I was scared because when I compared my story to the industry standard mine didn’t look like theirs; my story looked a lot like hers and she reigned supreme. Octavia E. Butler was a mentor to me even if she didn’t mean to be.

Reading her work I realized that your differences are your strengths. Once The Darkness entered the editing and reworking stage I fought fiercely to keep The Darkness the way that I had written it. With powerhouse authors like Octavia E. Butler, Tananarive Due, Nnedi Wahala, and L.A. Banks as role models I feel that I can tell a fantastic, compelling, and frightening story without compromising myself as a writer or changing the characters or the tone of stories that I write.

Q: If someone were to write a book on your life, what would the title be?

A: The Girl With The Blue Ink Pen.

I write everything in longhand 1st and I only write with a blue ink pen or a pencil.

I’m not sure what my issue is with black ink, I just know if a psycho maniac killer told you that all you had to do to live was to break into my home and find a black ink pen is that you would perish.

Q: Finish this sentence: “The one thing that I wish people would understand about me is…”

A: I would like for you to know not only about my writing but also who I am as a person. I want you to know that I’m not some stuck up or pretentious author who thinks I’m the greatest thing to pick up a pen since Octavia Butler or Stephen King.

I’m still that goofy, nerdy, sometimes self-conscious chick who screams warnings at the people in horror movies and reads books about dragons.

Thank you for this interview Crystal. I wish you much success on your latest release, The Darkness!

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Four Guidelines for Writing Characters with Character: Guest Post by Joseph Garraty

Four Guidelines for Writing Characters with Character

By Joseph Garraty

There are a million writers out there, each with his or her own particular skill. Some authors are plot authors. They can weave dozens of threads seamlessly together into a tight, slick story, propelled by events to a perfectly-executed climax. Most thriller authors fall into this category. Other authors are great at theme and symbolism, weaving hidden layers of meaning into every sentence. Still others excel at description, action, dialogue, or symbolism—everybody’s got their strong points, and readers gravitate to different authors for different reasons.

Me, I’m a character guy. If the characters are believable and interesting, I don’t even care whether they’re sympathetic or not—I want to know about them. I want to know what happens to them, how they react, what choices they make, and why.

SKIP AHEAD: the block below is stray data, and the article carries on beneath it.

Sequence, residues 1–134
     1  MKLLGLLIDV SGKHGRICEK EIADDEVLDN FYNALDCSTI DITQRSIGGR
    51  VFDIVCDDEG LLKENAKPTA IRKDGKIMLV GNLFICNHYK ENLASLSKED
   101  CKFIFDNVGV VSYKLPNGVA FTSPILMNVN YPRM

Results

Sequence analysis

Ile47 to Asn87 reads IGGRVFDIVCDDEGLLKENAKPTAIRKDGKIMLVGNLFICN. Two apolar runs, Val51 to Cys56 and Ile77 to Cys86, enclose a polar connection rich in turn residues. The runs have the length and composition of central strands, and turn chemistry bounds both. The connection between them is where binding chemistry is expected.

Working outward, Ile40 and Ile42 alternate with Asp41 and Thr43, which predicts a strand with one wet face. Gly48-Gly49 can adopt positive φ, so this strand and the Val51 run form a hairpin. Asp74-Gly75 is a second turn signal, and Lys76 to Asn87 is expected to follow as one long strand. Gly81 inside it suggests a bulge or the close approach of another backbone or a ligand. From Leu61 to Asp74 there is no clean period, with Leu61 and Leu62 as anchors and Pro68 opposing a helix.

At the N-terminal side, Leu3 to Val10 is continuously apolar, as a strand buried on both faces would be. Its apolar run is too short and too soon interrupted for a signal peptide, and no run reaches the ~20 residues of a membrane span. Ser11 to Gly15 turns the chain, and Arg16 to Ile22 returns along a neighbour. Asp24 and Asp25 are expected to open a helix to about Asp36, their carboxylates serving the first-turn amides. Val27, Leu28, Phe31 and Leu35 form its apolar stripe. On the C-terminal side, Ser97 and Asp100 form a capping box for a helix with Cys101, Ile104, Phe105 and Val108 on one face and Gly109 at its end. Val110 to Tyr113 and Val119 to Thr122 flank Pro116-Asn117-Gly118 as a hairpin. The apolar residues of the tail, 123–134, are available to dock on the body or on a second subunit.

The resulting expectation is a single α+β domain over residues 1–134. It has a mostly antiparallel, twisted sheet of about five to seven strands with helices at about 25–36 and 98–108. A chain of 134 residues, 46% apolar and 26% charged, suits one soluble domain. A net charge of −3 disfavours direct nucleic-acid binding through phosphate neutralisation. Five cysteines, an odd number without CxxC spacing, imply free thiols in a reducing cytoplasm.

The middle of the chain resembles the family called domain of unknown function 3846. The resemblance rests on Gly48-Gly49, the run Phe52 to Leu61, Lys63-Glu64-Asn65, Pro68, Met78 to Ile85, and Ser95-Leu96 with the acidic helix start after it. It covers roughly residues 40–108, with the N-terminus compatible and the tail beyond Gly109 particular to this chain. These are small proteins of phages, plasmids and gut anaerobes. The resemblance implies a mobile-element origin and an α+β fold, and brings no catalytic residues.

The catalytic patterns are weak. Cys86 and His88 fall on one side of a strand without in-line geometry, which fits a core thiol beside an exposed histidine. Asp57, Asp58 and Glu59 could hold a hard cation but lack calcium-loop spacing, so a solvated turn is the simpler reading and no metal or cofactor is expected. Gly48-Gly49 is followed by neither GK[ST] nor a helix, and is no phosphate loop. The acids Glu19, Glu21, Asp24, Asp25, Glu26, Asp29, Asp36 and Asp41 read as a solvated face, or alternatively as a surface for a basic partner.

The trick for me as a writer, then, has been figuring out how to make my characters believable and interesting, and while there’s always more to learn, I like to think I’ve got a few pieces in place.

Here’s what I’ve learned so far:

1. Characters have to want something.

There is no escaping this. Reading about a character who wants nothing is like reading about a lump of mashed potatoes. It’s kind of bland, sits there and does nothing, and tends to get pushed around by whomever wants to push it around. A character has to have goals. Those goals can be as simple as “I would very much like to survive until tomorrow,” or as bizarre as “I really need a plasmicophic ferangulator for my time machine so I can go back and prevent my great-grandfather from flirting with Ms. Enderlein back in 1927 and thereby save civilization,” but they absolutely must have them.

Why? Because. . .

2. Characters have to do something.

This is associated with #1, but it doesn’t follow by necessity. Big Pete might want Skeezy Al to stop hitting on his sister, but he could just sit back and watch, waiting for the problem to resolve itself. However, if that’s all he ever does, he’s not going to be very believable or interesting. Eventually he’s gotta do something about it. Maybe he blows up Skeezy Al’s car, hires a few thugs to beat him up, or even goes over and nicely asks him to please knock it off—but his motivation has to translate into action. In other words, things don’t just happen to him—he makes some things happen.